Article In Brief
Three different studies documented use of opioids for managing migraines and the challenges ahead in suggesting alternative therapies.
PHILADELPHIA—Although opioids are not recommended for treatment of migraine—except as a last resort—three new studies presented here at the annual meeting of the American Headache Society suggest that the drugs are prescribed often to patients of all ages—ranging from 23 percent to 36.3 percent of the time—as a first-line therapy.
Those getting opioids included teens and young adults as well as predominately lower income patients, the studies found.
And while migraine specialists interviewed by Neurology Today agreed that the number of opioid users may have declined in the last two years, much more could be done to educate physicians and patients about other treatment options and to focus research around acute migraine care.
Opioids for Young Adults and Teens
Jennifer Bickel, MD, FAAN, chief of the headache section and associate professor of pediatrics at Children's Mercy Kansas City/University of Missouri-Kansas City School of Medicine, was particularly concerned about the numbers of young adults and teens being prescribed opioids in emergency departments.
In an analysis of data from the Cerner Health Facts electronic health record (EHR) data warehouse, comprising of de-identified EHR data from more than 600 hospitals and clinics in the US, she and her colleagues found that 23 percent of 14,494 adolescents and young adults—ages 12 to 25—were prescribed opioids when they presented at emergency departments for treatment of migraine.
The likelihood of being treated with opioids was significantly higher for patients who were older, female, white, seen by a surgeon, and who had longer encounters and encounters earlier in the time period sampled—2010 to 2016.
Sites varied widely in the percentage of encounters involving opioids: Higher rates were associated with smaller sites with relatively higher proportions of commercially insured patients, the researchers reported.
“We need to improve the foundational knowledge of migraine treatment in all physicians who may encounter this prevalent condition—including the emergency department and urgent care facilities, primary care physicians, hospitalists, obstetricians/gynecologists, etc.,” Dr. Bickel said. “Many effective treatments exist, including pharmacological and non-pharmacological approaches. Opioids may sometimes be required in the setting of certain medical co-morbidities but only after exhausting other options under the care of a trained headache specialist.”
She said it was possible to reduce the administration of opioids in migraine when hospital teams coordinate their approaches. The rate of opioid prescription at her facility is around two percent, she said, after a few initiatives were put into place.
“In 2010, neurology and the emergency department teamed up to create evidence-based guidelines on the emergency room treatment of pediatric migraines,” Dr. Bickel said. “The guidelines were accompanied by an electronic health record order set that did not have opiates as an option for treatment. We already had low rates of opioid use but this drove the numbers down even farther.”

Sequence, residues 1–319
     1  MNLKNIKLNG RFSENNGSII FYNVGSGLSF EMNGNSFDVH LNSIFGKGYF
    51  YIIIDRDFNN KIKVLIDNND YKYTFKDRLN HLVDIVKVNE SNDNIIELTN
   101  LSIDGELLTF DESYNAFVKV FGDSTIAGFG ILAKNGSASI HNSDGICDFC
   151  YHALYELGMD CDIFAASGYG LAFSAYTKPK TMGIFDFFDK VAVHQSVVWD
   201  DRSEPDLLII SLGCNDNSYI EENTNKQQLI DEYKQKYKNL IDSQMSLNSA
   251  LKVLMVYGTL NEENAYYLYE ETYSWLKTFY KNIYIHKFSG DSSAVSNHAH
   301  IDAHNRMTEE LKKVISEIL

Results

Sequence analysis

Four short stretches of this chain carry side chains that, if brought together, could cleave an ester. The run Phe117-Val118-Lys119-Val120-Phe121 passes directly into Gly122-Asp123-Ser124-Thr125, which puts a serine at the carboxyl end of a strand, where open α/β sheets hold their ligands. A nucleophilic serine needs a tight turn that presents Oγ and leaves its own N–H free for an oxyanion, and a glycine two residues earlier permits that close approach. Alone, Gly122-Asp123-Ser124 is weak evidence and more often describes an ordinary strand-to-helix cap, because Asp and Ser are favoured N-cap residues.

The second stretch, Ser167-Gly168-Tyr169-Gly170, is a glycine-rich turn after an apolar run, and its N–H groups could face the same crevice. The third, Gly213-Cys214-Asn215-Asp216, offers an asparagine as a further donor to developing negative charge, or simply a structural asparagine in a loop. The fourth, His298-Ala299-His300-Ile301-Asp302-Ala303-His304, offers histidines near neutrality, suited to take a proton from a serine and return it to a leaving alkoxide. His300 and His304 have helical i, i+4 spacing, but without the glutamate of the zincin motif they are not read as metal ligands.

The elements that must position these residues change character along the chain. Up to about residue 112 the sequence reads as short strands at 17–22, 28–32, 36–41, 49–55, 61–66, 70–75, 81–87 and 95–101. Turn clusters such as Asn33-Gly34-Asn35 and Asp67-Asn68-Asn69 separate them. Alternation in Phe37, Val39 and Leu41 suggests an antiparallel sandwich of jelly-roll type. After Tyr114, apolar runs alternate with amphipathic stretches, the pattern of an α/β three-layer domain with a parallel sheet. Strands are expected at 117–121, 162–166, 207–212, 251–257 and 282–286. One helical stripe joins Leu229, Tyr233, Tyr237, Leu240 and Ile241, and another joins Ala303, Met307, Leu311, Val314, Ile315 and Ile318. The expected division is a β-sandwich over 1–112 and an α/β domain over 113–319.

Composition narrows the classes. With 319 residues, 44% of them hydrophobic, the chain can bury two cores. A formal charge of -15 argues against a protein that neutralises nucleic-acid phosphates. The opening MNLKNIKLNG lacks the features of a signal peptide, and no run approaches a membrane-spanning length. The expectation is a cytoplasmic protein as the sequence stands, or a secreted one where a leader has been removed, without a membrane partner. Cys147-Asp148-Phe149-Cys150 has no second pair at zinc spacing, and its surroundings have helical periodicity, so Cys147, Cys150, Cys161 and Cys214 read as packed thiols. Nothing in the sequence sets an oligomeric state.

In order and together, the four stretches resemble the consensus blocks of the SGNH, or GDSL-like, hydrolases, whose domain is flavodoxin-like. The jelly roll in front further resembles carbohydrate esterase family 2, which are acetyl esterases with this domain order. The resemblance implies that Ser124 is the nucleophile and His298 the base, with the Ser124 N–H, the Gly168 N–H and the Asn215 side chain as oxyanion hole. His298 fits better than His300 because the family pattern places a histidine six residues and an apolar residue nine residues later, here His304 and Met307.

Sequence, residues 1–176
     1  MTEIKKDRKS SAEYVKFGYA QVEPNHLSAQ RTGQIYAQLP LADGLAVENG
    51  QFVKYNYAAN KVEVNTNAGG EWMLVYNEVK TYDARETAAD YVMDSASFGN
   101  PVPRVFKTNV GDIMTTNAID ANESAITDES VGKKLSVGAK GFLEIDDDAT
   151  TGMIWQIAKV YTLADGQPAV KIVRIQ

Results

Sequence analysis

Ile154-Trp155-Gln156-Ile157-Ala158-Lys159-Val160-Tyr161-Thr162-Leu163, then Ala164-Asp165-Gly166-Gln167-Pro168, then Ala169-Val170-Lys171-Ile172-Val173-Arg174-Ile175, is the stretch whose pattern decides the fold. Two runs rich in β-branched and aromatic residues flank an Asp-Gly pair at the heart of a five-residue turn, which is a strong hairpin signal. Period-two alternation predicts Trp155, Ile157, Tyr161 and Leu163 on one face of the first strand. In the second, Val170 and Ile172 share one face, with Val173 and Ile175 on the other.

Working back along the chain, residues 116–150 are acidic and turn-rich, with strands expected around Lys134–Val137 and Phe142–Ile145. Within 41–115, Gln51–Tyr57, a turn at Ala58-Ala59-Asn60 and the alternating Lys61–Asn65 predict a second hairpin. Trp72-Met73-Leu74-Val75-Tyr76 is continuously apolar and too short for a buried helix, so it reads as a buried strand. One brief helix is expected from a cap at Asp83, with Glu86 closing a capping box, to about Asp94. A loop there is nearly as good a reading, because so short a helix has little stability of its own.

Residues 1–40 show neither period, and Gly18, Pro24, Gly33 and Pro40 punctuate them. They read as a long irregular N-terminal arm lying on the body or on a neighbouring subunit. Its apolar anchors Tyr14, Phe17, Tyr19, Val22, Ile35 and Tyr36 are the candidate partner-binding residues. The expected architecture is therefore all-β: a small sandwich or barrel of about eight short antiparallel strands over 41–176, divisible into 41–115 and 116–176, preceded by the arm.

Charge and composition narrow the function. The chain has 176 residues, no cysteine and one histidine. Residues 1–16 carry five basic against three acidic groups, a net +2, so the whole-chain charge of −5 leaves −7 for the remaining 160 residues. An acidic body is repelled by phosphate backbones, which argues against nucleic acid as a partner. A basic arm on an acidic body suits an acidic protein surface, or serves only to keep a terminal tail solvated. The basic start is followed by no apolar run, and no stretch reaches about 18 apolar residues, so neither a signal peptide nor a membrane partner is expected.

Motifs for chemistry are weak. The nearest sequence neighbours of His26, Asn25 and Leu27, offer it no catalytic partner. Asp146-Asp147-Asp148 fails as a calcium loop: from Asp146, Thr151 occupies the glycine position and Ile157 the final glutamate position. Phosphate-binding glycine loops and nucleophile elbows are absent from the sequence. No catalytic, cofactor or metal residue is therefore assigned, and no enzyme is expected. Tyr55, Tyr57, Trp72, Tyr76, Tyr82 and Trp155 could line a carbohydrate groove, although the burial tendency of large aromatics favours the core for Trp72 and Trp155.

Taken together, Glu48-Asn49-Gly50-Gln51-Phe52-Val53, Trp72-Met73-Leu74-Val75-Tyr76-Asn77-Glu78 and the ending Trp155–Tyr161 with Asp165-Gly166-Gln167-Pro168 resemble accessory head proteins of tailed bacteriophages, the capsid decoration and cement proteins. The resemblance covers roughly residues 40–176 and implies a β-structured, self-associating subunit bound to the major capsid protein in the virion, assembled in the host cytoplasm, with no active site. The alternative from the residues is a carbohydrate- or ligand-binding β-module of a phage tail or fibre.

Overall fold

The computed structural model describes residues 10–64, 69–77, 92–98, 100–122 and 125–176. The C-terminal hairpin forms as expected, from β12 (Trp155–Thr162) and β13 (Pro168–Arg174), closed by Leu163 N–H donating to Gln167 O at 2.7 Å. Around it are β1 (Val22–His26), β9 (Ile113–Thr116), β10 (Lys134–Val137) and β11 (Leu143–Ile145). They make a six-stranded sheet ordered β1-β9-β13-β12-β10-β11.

“In 2018, we opened the Headache Treatment Center,” Dr. Bickel continued “This is a unique care setting that allows for self-referred patients to receive headache specific abortive therapies within 48 hours by a headache trained physician or advanced practice provider. Over the past year, we have treated hundreds of kids with an intractable headache that may have otherwise gone to the emergency department.”
“From our own unpublished chart reviews, in 2014, 70 percent of children referred to our clinic for headaches had never been prescribed a medication for their headaches,” she said. “Of the 30 percent prescribed a medication, one in five was prescribed a controlled substance such as an opioid.”
Dr. Bickel told Neurology Today she has concerns that the pendulum of treatment may swing too far. “My fear is that the medical community will equate avoiding opioids with avoiding treating migraine and other pain conditions,” she said. “This cannot happen. Migraines are highly disabling and may require comprehensive treatment.”
The Demographics of Who Is Receiving Opioids
In another analysis, investigators delved more deeply into who was getting opioid prescriptions. Richard B. Lipton, MD, FAAN, professor of neurology, of psychiatry and behavioral sciences and of epidemiology and population health at the Albert Einstein College of Medicine, described responses from the CaMEO Study, a web-based longitudinal study of the United States population designed to characterize the course of treatment for people with episodic and chronic migraine. He said the objective of the CaMEO study was to identify variables associated with opioid use among people who received prescriptions for acute migraine attacks.
The investigators reported that of 2,388 active prescription users with migraine, 867 or 36.3 percent of them were using prescription opioids.
Certain factors were associated with a higher likelihood of having an opioid prescription for treatment of migraine: being male, unemployed, have a lower education level defined as having less than a four-year college degree, a higher body mass index, and a lower annual income—less than $30,000 a year.
Dr. Lipton noted that the study was subject to several limitations, not the least of which was that self-reporting may have introduced participation bias into the research.
Conditions for Opioids Use
Finally, in the so-called OVERCOME study, another web-based survey sponsored by Eli Lilly and Company, Sait Ashina, MD, assistant professor of neurology and anesthesia at Harvard Medical School, and director of the Comprehensive Headache Center, Beth Israel Deaconess Medical Center in Boston, looked at the patterns of opioid use among migraine patients.